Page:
Tiny Trees

Tabletop Christmas trees are especially suited to special, handmade decorations because you don't need as many ornaments to go around. Use these ideas as inspiration for adding your personal stamp on tiny trees.


Enlarge Image Add a bit of nature to any corner.

The trick to decorating a small tree is to keep the scale of the decorations in line with the size of the tree. Miniature baskets and pinecones (shown) have been decorated with bits and pieces of baby's breath, eucalyptus, rose hips, dried hydrangea, and pepper berries. Small pieces of floral materials left over from other holiday projects are perfect for these little ornaments. To add some color, a cranberry garland wraps the tree in bright red from top to bottom. A silver star is this little tree's crowning touch.

Enlarge Image These tiny ornaments are fun to make.

Pepper berries and baby's breath (shown) have been hot-glued to the bottom of pine cones, on top of the ribbon hanger. Use strips of leftover ribbon or bits of seasonal fabric as handles and bows for hanging the pinecones from the tree.

A selection of handmade ornaments like these make nice gifts, especially for friends who live in small spaces. Nestle a few ornaments in tissue paper in a box, and save one to use as a decoration for the wrap.

More Ideas:
  • To make this tree a family effort, invest in a low-temperature hot-glue gun so children can help assemble ornaments.
  • Small trees are easier for kids to decorate, so you might want to let them put a special tree on display in their room.
Enlarge Image A fruited tree is perfect for a kitchen or dining area.

Like a close cousin of the scraggly specimen that steals the show in Charlie Brown's Christmas special every year, this little evergreen was rescued from the garbage outside a florist's shop.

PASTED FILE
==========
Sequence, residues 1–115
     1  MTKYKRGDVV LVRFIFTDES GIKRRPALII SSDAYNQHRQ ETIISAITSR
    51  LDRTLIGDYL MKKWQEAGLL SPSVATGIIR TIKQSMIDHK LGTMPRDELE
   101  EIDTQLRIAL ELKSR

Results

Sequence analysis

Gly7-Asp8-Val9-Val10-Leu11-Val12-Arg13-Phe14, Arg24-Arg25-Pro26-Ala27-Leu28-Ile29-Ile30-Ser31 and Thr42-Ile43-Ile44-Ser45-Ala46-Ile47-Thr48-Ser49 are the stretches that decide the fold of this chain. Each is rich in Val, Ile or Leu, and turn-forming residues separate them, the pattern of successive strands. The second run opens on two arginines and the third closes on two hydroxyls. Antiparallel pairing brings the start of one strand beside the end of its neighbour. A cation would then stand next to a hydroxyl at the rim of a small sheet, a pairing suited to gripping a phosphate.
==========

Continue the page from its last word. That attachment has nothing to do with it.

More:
The inspiration for the orange-slice ornaments came from a math teacher's classroom. Just before Christmas break, the teacher -- the same person who found this little tree -- began teaching his students the principles of multiplication, slicing oranges and lemons to demonstrate the point.

Enlarge Image For a party, arrange mugs of hot spiced punch under your tree.

Rather than let the fruit go to waste, the teacher let the slices dry overnight, then brought them home. With the help of regular ornament hooks, the orange slices became fragrant adornment for the little tree. As a final touch, you can place a small tree in a decorative pot, as shown.

Enlarge Image To be seasoned and seasonal, decorate with cloves of garlic.

Any topiary that has foam underneath its greenery can get this unusual and inexpensive holiday treatment: garlic cloves. Pull apart a head of garlic and separate the largest cloves. Use heavy-gauge florist's wire to spear each clove, then push the other end of the wire into the topiary's foam.

You can continue the garlic theme by wiring more cloves to a wreath or into a greenery swag on the mantel. For the first couple of days, the room will smell like garlic -- but no more strongly than if you were cooking with the fresh cloves. After that the scent will fade. If you find the scent too strong, consider leaving the topiaries outdoors for a couple of days.

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